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Are federal workers being forced into involuntary servitude?

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Many federal employees are being ordered by the federal government to work without pay until a spending bill is enacted.

Some workers object, arguing that they are being pressured to show up for work with no clear prospect of a payday. Some individuals have sued claiming that this violates the 13th Amendment, which abolished involuntary servitude.

Will they win?

For now, the answer is likely no. In my law review article, “Compulsory Labor in a National Emergency,” I found that legal protections against forced labor often fail to help workers.

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Why most 13th Amendment lawsuits fail

Every year, a small number of workers prevail in involuntary servitude cases.

The legal standard for arguing that someone is working against their will is evidence of physical or legal coercion. The Supreme Court articulated the standard in 1988 in a case about two mentally disabled men working on a farm.

The best way to explain the standard is with an example.

In Mouloki v. Epee, a nanny named Christine Mouloki sued the husband and wife who employed her for wages and damages. She alleged that the family refused to let her leave their suburban home near Chicago.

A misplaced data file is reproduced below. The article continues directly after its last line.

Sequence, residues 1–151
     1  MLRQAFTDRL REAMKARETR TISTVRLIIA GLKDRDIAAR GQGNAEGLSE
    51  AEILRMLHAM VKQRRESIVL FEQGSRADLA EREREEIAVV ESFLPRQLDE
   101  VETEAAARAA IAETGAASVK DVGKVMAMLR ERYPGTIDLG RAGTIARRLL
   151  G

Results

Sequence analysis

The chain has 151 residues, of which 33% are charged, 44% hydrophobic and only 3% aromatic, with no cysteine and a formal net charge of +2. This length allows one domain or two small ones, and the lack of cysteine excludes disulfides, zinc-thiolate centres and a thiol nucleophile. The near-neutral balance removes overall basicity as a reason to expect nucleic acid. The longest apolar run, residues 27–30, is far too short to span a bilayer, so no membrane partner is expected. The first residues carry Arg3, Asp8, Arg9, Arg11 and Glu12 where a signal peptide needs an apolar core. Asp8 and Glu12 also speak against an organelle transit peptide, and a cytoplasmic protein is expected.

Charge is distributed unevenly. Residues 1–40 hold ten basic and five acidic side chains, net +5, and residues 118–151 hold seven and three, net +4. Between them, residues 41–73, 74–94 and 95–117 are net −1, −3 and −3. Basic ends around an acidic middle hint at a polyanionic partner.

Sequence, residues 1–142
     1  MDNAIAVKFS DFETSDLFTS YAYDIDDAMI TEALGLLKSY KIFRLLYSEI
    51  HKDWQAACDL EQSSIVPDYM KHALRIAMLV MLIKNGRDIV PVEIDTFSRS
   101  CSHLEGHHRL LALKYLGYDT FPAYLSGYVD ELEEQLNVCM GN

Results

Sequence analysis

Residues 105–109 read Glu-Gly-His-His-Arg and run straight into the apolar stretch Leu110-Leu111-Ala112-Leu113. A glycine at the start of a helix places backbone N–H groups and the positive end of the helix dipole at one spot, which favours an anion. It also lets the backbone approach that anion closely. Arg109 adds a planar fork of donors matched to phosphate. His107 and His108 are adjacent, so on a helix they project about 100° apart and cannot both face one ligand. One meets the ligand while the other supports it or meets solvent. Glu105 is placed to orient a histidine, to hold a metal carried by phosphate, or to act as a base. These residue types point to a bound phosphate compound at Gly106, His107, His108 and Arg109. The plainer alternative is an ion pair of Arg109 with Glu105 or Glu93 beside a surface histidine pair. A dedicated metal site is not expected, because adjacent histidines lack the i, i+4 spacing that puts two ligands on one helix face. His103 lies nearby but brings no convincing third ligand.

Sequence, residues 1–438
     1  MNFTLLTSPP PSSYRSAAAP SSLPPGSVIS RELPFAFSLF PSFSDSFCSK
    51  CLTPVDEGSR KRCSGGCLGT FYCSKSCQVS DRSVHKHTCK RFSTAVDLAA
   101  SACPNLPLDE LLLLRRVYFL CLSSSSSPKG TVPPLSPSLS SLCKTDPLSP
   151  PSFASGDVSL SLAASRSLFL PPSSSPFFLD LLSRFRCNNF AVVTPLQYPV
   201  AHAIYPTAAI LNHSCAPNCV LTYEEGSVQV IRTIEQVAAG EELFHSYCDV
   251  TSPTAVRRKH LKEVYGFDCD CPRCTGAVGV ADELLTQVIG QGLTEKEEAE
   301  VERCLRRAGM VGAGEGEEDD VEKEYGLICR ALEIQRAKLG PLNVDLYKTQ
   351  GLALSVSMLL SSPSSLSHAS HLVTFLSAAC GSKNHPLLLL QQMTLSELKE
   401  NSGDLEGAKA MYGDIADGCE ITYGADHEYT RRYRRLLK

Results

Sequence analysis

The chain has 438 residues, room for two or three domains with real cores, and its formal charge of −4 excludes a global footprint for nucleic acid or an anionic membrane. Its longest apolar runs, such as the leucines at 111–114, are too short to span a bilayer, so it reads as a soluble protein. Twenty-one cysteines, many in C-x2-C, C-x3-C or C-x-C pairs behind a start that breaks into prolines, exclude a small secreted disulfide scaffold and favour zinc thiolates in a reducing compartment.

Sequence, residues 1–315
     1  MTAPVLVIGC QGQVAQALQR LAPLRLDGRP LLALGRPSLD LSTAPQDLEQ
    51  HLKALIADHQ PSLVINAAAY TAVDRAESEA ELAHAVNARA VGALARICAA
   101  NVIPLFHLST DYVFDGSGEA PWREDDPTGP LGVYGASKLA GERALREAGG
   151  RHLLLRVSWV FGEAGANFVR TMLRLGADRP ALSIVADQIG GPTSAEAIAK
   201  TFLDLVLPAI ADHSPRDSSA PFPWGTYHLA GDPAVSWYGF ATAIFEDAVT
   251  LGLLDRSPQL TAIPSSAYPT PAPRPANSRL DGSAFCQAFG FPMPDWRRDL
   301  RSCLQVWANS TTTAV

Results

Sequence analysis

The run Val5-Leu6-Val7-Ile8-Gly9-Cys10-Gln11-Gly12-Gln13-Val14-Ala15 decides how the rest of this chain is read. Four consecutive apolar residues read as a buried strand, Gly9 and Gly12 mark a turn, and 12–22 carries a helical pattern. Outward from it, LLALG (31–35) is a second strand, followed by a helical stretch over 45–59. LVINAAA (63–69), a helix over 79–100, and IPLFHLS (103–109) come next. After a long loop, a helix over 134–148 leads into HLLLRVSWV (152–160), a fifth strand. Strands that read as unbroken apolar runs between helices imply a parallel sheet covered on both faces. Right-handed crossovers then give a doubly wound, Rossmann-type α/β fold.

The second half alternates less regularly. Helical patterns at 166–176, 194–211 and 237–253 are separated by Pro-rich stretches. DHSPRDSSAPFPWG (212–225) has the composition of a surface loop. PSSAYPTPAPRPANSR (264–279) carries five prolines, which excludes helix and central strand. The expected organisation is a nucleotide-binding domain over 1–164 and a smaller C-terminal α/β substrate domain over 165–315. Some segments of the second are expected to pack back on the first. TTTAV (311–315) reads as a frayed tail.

The court concluded that a “scheme, plan, or pattern intended to convince a plaintiff (person) that serious harm or physical restraint would result if she did not continue to perform the labor and services” constitutes involuntary servitude. At trial, the nanny won her case.

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But plenty of involuntary lawsuits fail. The most common are from high school students whose school districts require them to perform community service as a condition to graduate.

In one such case, students were required to provide 50 hours of community service during their four years in school. Parents sued, alleging a violation of the 13th Amendment.

The court rejected the 13th Amendment claim, stating: “Graduation from a public high school is an important opportunity, but the threat of not graduating does not rise to the level of ‘physical or legal coercion.’”

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Pressure, not coercion

Federal employees working without pay fall in the gray area between the high school and nanny scenario.

So far, their situation does not present the coercion in the nanny’s home confinement case. The main impediment for the federal employees’ case is that lack of coercion, not lack of pay for their labor. In a preliminary ruling, workers lost a motion for an injunction but they are scheduled to make a similar motion soon – and as time passes, their case improves.

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For now, however, these employees can call in sick, take vacation time or simply not answer the phone or emails from a supervisor. A court would likely view an order to work without being paid as unfair, or a violation of wage laws, but not coercion.The Conversation

Michael H. LeRoy, Professor of Labor and Employment Relations, University of Illinois at Urbana-Champaign

This article is republished from The Conversation under a Creative Commons license. Read the original article.

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